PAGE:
While amaBhungane and GroundUp have written numerous articles about 3Sixty Life and its curatorship, besmirching our names and using old photos to present us, no such articles were written about Constantia Insurance, where Numsa members and other workers would have their retirement funds invested. The names of the executives of Constantia were not besmirched and their competence was not questioned. Constantia was placed under curatorship and liquidated in the space of three months, and we remain standing, yet we are the bad boys.
It has been 10 months of provisional curatorship and six months of waiting for judgment. In terms of the norms and standards of the judiciary, a judgment should be released within three months. We continue to wait for judgment seven months after the provisional curator informed the judge that “3Sixty Life ought not to have been placed under curatorship”. amaBhungane has not questioned that injustice.
It would only be fair for Daily Maverick and its sources to cease to mislead the public and report facts and not untruths.
Reply by GroundUp Editors
Khandani Msibi takes issue with our article on 27 September titled Fate of NUMSA’s funeral insurance company hangs in the balance, characterising it as false and unethical. Our purpose in the article was to recap the court battle over the curatorship of 3Sixty Life, a funeral insurer owned by NUMSA’s investment trust.
Msibi makes much of the fact that we did not use the term “provisional” before the word curatorship. His letter must have been written before 30 September because it hasn’t aged well. On that date, Judge Fiona Dippenaar in the High Court in Johannesburg ruled that 3Sixty Life is to be placed under final curatorship, as we wrote about in Court confirms curatorship for NUMSA’s funeral insurer.
In any case, our 27 September article explicitly stated that the curatorship (as of 27 September) was interim, which means the same as “provisional” in this context.
Msibi is upset that we didn’t approach him for comment and instead quoted the response he gave to another publication. He is presumably aware that we asked him for comment on 28 February. We are still awaiting his response.
The article Msibi objects to now was based on sworn affidavits before the court. Usually when quoting from court papers there is no need to go to the parties quoted for further comment.
Msibi places great stock in the opinions of (former) provisional curator Yashoda Ram. But, as we learned after Friday’s judgment, the court clearly didn’t accept Ram’s views. In fact, Judge Dippenaar described her conduct as “prejudicial, belligerent and erratic”. The judge wrote that Ram acted in her own interests, rather than in the interests of the policy holders.
We draw readers’ attention to our article Yashoda Ram, NUMSA’s insurance company’s curious curator for some background as to why Judge Dippenaar may have come to this conclusion.
Msibi says we lied by stating that 3Sixty Life was placed under curatorship after two years of operating under insolvency. He says that the company operated under an actuarial insolvency for eight months before the Prudential Authority applied to place it under provisional curatorship.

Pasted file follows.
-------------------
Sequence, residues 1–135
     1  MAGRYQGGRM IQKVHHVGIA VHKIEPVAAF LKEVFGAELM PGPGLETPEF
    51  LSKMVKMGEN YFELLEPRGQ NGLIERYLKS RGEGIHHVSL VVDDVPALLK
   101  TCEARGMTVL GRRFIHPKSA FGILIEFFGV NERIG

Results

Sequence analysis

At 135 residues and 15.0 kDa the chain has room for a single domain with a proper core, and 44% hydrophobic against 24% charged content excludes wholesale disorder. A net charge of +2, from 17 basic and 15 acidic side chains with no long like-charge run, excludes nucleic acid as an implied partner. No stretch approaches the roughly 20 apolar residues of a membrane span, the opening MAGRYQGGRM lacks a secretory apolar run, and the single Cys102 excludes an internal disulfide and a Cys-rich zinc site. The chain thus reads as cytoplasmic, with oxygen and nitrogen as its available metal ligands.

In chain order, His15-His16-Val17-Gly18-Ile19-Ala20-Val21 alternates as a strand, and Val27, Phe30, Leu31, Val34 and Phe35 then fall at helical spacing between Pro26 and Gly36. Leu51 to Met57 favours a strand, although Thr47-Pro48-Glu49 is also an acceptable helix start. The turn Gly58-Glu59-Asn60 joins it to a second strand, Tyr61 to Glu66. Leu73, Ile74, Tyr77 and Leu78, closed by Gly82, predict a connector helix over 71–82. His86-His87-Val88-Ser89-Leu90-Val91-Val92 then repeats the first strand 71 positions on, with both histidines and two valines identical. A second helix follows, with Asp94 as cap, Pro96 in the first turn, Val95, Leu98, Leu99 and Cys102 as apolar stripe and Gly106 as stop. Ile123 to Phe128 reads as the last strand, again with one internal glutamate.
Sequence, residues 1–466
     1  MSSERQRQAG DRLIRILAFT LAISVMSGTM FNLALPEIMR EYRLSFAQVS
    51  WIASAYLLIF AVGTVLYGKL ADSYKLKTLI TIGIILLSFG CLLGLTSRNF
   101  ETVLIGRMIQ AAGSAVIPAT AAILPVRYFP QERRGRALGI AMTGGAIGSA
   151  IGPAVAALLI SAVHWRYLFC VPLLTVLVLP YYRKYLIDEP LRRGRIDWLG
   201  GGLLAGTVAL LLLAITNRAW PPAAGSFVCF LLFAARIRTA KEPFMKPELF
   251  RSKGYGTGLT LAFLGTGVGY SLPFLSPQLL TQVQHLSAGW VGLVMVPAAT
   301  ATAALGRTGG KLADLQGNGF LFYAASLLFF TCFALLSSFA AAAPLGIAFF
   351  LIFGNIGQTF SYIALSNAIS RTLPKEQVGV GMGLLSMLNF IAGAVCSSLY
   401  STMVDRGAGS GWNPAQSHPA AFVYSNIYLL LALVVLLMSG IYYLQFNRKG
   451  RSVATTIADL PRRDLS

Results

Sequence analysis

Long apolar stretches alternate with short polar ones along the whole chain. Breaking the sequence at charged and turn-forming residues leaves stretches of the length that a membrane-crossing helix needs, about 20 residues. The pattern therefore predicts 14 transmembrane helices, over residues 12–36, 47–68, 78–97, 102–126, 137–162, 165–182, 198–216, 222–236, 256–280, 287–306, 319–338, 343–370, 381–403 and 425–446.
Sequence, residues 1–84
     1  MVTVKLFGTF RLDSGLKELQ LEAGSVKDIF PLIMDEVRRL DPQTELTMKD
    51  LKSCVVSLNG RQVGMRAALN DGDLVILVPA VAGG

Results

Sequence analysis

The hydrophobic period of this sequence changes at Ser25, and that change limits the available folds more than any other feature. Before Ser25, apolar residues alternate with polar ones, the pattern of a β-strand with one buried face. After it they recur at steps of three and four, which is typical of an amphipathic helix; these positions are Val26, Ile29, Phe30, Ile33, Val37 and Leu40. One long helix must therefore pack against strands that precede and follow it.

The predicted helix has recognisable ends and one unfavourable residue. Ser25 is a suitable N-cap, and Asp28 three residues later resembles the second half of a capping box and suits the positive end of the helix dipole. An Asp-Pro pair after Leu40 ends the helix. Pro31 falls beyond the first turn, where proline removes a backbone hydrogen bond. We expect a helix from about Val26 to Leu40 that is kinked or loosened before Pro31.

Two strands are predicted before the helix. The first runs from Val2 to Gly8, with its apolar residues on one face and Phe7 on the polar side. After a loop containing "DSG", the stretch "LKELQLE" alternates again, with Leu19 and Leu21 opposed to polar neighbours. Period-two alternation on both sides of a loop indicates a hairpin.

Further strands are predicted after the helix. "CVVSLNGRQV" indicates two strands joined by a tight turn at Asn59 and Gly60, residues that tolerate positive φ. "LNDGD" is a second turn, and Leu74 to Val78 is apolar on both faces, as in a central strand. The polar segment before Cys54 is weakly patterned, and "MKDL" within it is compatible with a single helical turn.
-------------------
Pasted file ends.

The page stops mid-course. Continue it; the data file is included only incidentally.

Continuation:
In fact 3Sixty Life reported to the Prudential Authority that by the end of the third quarter of 2020 it was operating below the statutory solvency requirements. It was placed under curatorship in December 2021, which is at least 16 months later, so not quite two years. But the company’s annual reports for a period covering two years (2020 and 2021) have not been submitted. Nevertheless, we’ve amended our article to say 16 months instead of two years. (Our previous articles were more precise on this point - start here: Irvin Jim’s birthday party paid for by embattled life insurer.)
Also, as our articles have shown, 3Sixty Life’s statutory troubles date from long before 2020. For more on its troubles (back to 2017), read Millions of rands siphoned from NUMSA’s insurance company, report shows.
Msibi states that there is no such thing as NUMSA Investment Trust, and that 3Sixty Life is owned by Doves Group and the ultimate shareholder is National Manufacturing Workers Trust. But we actually wrote “NUMSA’s investment trust” not “NUMSA Investment Trust”. We’ve explained the ownership structure in previous articles.
Msibi claims “the evidence on the ground is that the Prudential Authority is purging and destroying all black insurance companies”. We have not seen evidence to support racism by the Authority but we will keep an open mind. Msibi claims that “white-run” Constantia Insurance appears to have been treated altogether more nicely by the Prudential Authority. But after a brief interim/provisional curatorship that was not opposed, Constantia Insurance was placed into liquidation.
Let’s be clear about why we, GroundUp, are focusing on 3Sixty Life: most of their customers are NUMSA members. NUMSA, the country’s largest union - is also its owner. The company appears to have grossly mismanaged workers’ money, spending some of that money on laptops for family members of a NUMSA official and a lavish birthday party. NUMSA’s leaders have been accused of purging members who have questioned the organisation’s role in the 3Sixty Life debacle. This is a story of profound public interest. We stand by our articles and will continue to investigate the shenanigans at 3Sixty Life.